The notes aren't quite as easy to read as they once were, and "It's a little harder to do this" -- she spreads her arms wide and brings them back again, fingers tickling invisible keys, as if she's playing a passage that takes her to both the high and low ends of the piano keyboard -- but then that's hardly surprising.Maxine Swalin will turn 105 on May 7. In honor of that milestone and of her life's work on behalf of the people and the arts in North Carolina, two public celebrations will be held this week in Chapel Hill. On Tuesday, a public reception will open "Art Is Just Around the Corner From Music," an exhibition of Swalin's paintings at the Chapel Hill Museum.And next Sunday, cellist Nancy Green and pianist Frederick Moyer will perform works by Franck and Rachmaninoff in "A Tribute to Maxine Swalin," a free public concert at Memorial Hall on the UNC campus. In addition to being world-class musicians, Green and Moyer are grandchildren of the great North Carolina playwright Paul Green, who with his wife, Elizabeth, was a close friend and supporter of Swalin and her husband, Benjamin, who died in 1989.The Swalins built the modern North Carolina Symphony from the ground up in the late 1930s and 1940s (an earlier incarnation had collapsed after just three years) and, against steep odds, made it into the nation's first state symphony orchestra. The Swalins arrived in Chapel Hill in 1935, shortly after the original symphony dissolved, when Benjamin was appointed to the faculty of the UNC music department. He swiftly fixed on the idea that, in spite of the fate of the original attempt, a state symphony could succeed, and he set his considerable skill and determination to making it happen. With a loan of $200, he and Maxine and a few others scraped together some instruments and recruited a handful of musicians from various quarters. The new North Carolina Symphony Orchestra gave its first formal concert on March 16, 1940, at Raleigh's Meredith College. Then they hit the road. They took the music to the people, especially schoolchildren, roaming from one end of the state to the other, playing in every auditorium, school gym or cafeteria they could find."Those were good days," said Maxine, sitting in her sunlit home in the Morgan Creek neighborhood Thursday. "We went everywhere. One time Mr. Swalin was late in arriving. He needed to get dressed for the concert, and so he rushed in and opened a door he thought led to a dressing room -- but it led onto the stage. There he was trapped in plain view, yelling for someone to help him."Benjamin was the conductor and music director, and Maxine did just about everything else -- played piano and harpsichord, arranged lodging and food and other logistics, maintained correspondence, evaluated performances and provided invaluable moral, musical and organizational support."But for Ben Swalin, the North Carolina Orchestra would not be," wrote the late Gov. Terry Sanford. "But for Maxine, Ben would not have prevailed."With her help, he did, and over the course of many miles and many years -- the Swalins retired in 1979 -- they made the North Carolina Symphony a national treasure. In 2001 the lobby of the Meymandi Concert Hall in Raleigh, the symphony's home stage, was named the Swalin Lobby, its centerpiece a large bronze sculpture of Benjamin and Maxine."I am very, very grateful and so glad the symphony progressed the way it did," Maxine said. "There's no reason it shouldn't continue to have a national reputation."These days Maxine -- born just a few months before the Wright Brothers got their spindly contraption off the ground at Kitty Hawk -- says she feels fine, "except when I have to walk alone; I get a little tired then." "I like to get in a friend's car and wander around Carrboro," she said. "I love that little town. It's a choice one."She also still plays the piano -- and plays wonderfully, said Marsha Warren, a longtime friend and former head of the North Carolina Writers Network and the Paul Green Foundation. Warren is among those who have been helping Betsy Moyer, Green's daughter, organize the celebrations for Maxine this week."Betsy and I were at Maxine's house about a month ago, and Maxine sat and started playing," Warren said. "It was lovely. Betsy said, 'Oh, Maxine, that was beautiful. Was it Schumann?' And Maxine got that twinkle in her eye and said, 'No, it's something I just made up.'"Maxine said she's looking forward to the concert by Green and Moyer in Memorial Hall on Sunday."They are wonderful musicians," she said. "I heard their tape when it first came out, and I was so convinced of their artistry I ordered several more as presents."Maxine is an ardent supporter of the planned Arts Commons, which will transform the northwest quadrant of the UNC campus into a new center for the arts. The renovation of Memorial Hall was the first step; new buildings, facilities and performance spaces are in the works."A revolution is coming in the university," she said. "Each department will be interwoven with the others. A person will be able to study in one department and yet get great exposure to the others, for a refined, open, unified education. It will be great opening into the heart of the university."Warren said that sort of grand view is precisely the quality that allowed Benjamin and Maxine to envision the North Carolina Symphony and then to bring it to life. "She is a true visionary," Warren said. "She's always observing, listening, processing and thinking about what could be. "A year ago she had a little infection, and she was in the hospital. She was sharing a room with another patient who was being visited by a pretty lively family, with several little children chattering away there on the other side of the curtain. Maxine lay there for a while, and then she said, 'Listen to that. I'm just listening to the timbre of those voices and wondering what those children will one day be doing with those voices.' That's classic Maxine."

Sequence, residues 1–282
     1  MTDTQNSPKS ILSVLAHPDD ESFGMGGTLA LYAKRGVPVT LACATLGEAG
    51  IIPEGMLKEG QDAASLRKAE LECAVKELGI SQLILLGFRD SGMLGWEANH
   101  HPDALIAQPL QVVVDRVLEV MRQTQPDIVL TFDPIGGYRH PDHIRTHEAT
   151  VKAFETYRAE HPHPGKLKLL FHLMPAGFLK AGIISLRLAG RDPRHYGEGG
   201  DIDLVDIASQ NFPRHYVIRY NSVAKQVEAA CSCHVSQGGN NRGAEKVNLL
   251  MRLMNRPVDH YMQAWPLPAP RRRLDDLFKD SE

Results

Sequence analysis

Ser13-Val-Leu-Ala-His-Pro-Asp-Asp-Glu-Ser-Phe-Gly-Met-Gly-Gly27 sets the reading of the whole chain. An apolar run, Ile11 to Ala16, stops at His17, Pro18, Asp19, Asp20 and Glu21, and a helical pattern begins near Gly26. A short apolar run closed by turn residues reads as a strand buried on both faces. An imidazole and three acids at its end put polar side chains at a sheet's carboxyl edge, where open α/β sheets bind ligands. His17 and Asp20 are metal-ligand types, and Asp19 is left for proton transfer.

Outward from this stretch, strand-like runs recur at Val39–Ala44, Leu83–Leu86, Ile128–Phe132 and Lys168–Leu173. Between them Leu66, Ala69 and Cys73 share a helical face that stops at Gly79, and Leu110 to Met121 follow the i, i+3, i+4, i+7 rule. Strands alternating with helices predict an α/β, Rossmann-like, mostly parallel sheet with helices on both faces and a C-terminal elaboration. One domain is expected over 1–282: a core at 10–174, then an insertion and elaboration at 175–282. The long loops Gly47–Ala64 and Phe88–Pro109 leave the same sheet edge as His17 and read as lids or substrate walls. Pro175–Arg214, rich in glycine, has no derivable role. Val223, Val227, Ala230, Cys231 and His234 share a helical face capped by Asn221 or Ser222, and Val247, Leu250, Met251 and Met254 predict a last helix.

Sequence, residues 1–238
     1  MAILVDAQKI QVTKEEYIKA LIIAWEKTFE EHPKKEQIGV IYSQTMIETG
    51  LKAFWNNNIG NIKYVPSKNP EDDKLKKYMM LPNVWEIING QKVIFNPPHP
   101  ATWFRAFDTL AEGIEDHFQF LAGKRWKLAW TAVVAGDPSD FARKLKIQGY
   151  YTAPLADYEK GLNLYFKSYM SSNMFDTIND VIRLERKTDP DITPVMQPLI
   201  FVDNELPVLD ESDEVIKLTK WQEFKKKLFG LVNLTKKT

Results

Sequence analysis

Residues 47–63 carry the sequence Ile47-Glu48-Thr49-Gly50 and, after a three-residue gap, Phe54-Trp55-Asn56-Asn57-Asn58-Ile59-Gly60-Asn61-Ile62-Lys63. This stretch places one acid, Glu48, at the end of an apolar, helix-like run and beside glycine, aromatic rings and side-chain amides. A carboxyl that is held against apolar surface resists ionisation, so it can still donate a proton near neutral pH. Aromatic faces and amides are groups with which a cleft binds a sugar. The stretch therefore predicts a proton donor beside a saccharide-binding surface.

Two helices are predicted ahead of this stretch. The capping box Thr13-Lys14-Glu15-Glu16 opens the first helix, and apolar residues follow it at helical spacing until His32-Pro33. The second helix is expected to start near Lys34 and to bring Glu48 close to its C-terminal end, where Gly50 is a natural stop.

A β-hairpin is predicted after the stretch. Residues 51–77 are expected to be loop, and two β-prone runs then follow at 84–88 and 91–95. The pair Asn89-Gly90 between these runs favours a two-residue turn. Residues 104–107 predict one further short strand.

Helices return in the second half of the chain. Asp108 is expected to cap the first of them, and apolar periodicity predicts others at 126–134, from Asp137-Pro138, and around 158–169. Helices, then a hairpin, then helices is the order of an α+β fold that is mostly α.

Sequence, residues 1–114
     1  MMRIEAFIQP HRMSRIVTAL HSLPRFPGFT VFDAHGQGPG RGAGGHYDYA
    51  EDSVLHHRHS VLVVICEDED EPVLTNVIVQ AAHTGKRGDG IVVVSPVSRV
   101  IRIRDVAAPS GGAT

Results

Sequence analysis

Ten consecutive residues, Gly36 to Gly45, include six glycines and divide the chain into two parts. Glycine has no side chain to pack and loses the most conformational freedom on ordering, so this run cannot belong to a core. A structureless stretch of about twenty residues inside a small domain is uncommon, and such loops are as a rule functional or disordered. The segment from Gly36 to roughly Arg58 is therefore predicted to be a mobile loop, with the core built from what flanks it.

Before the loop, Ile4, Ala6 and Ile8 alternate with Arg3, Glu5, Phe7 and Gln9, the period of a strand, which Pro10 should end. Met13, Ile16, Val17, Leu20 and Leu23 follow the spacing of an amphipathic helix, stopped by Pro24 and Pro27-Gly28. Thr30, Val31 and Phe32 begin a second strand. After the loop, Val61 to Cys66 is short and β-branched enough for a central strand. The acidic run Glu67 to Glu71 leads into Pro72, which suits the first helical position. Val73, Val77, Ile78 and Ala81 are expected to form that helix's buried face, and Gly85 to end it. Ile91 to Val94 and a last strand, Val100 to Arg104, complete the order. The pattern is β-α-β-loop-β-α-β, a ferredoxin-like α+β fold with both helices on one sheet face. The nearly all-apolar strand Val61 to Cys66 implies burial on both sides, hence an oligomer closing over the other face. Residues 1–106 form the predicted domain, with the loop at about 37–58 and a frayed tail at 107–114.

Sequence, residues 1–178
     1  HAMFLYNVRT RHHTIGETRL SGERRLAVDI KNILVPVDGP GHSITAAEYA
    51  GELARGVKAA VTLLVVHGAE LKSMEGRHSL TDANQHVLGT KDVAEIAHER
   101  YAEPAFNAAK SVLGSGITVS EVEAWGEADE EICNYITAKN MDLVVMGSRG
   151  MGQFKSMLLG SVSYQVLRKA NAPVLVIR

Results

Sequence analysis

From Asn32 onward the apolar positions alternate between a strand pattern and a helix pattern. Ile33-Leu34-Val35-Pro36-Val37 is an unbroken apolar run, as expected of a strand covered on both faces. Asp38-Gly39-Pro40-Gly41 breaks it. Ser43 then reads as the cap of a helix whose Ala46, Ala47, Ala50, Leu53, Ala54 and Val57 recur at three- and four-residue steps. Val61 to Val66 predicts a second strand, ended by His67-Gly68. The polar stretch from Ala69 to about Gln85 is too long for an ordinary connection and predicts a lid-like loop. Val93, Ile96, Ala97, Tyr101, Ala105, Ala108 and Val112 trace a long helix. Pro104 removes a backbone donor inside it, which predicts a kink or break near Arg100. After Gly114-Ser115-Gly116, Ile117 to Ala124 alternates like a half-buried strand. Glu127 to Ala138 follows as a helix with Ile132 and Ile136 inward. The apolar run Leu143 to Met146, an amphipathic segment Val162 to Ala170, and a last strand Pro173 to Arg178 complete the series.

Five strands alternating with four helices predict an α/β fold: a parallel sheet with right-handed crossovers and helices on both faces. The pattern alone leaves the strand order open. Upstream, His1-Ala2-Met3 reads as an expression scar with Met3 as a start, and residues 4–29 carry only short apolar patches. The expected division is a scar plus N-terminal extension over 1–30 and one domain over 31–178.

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2008 The Chapel Hill News